Indiana to appeal ruling blocking part of abortion law

Indiana Attorney General Curtis Hill says he'll appeal a federal judge's ruling that blocks parts of a new state law that would make it tougher for girls under age 18 to get an abortion without their parents' knowledge.

Hill on Friday criticized the preliminary injunction issued on June 28.

He said "it's easier for a 14-year-old to get an abortion than to get a tattoo." He adds that the legal challenge brought by Planned Parenthood of Indiana and Kentucky "is nothing more than an attempt to give courts rather than parents the legal guardianship of children."

The ruling prevented three portions of the law from taking effect July 1. They include a provision that would require judges to decide whether a minor's parents should be notified of her intention to seek an abortion.

In issuing the injunction, U.S. District Judge Sarah Evans Barker wrote that "when it comes to our children, while parents or others entrusted with their care and wellbeing have the lawful and moral obligation always to act in their best interests, children are not bereft of separate identities, interests, and legal standing."

Planned Parenthood of Indiana and Kentucky and the American Civil Liberties Union of Indiana sued the state on May 18, seeking to prevent three provisions from taking effect on July 1 and arguing that they create "an unconstitutional undue burden on unemancipated minors." Barker approved injunctions blocking all three.

One provision of the law would require a judge in most cases to allow parents to be informed that their daughter is seeking an abortion.

Barker, who was nominated to the federal court by President Ronald Reagan in 1984, had expressed skepticism about some of the law's provisions during June 13 arguments on the injunction.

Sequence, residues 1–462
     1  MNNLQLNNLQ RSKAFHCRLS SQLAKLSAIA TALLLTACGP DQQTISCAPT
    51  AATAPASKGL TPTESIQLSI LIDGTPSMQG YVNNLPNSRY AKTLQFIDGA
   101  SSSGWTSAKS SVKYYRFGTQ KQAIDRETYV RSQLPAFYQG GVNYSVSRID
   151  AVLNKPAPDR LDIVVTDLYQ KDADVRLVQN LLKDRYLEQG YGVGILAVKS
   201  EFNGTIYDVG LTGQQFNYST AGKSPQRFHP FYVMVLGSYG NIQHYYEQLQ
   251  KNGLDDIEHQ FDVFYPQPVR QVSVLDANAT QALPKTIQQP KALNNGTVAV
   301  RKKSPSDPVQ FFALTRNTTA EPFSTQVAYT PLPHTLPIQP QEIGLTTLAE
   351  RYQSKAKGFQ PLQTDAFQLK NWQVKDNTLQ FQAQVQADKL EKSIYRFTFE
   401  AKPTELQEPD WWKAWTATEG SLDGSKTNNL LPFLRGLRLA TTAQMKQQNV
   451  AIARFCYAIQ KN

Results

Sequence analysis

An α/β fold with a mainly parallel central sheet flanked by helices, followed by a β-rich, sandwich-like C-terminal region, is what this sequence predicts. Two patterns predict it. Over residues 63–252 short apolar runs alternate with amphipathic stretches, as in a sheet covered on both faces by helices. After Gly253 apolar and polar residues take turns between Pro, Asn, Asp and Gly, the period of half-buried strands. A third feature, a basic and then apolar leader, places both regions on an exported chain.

Their lawsuit contends those portions violate the U.S. Constitution's due process and equal protection provisions, and the First Amendment.

Attorneys for the state argued in their brief opposing the injunction that each provision the suit challenges is constitutionally permissible. They also argued that they in part further the state's interest "in protecting pregnant minors" and encouraging parental involvement in their minor children's decision to have an abortion.

Gov. Eric Holcomb, who signed the law April 25, has called the measure a "parental rights issue."

The plaintiffs argued that one of the new law's provisions revises Indiana's parental consent process in a way that violates minor girls' due process rights. Under existing Indiana law, girls younger than 18 must either get their parents' consent to have an abortion or seek permission from a judge through the so-called "judicial bypass" process. The girl's parents are not notified of her bid for an abortion, regardless of whether that judge approves or denies her request, under current law.

But the new law would require the judge considering that request to also weigh whether the girl's parents should receive notification of her pregnancy and her efforts to obtain an abortion, regardless of the decision on the abortion itself. It requires that the parents be notified unless the judge determines it would not be in the minor's best interest for the parents to know—even if the court finds the minor is mature enough to make a decision independently on whether to have an abortion.

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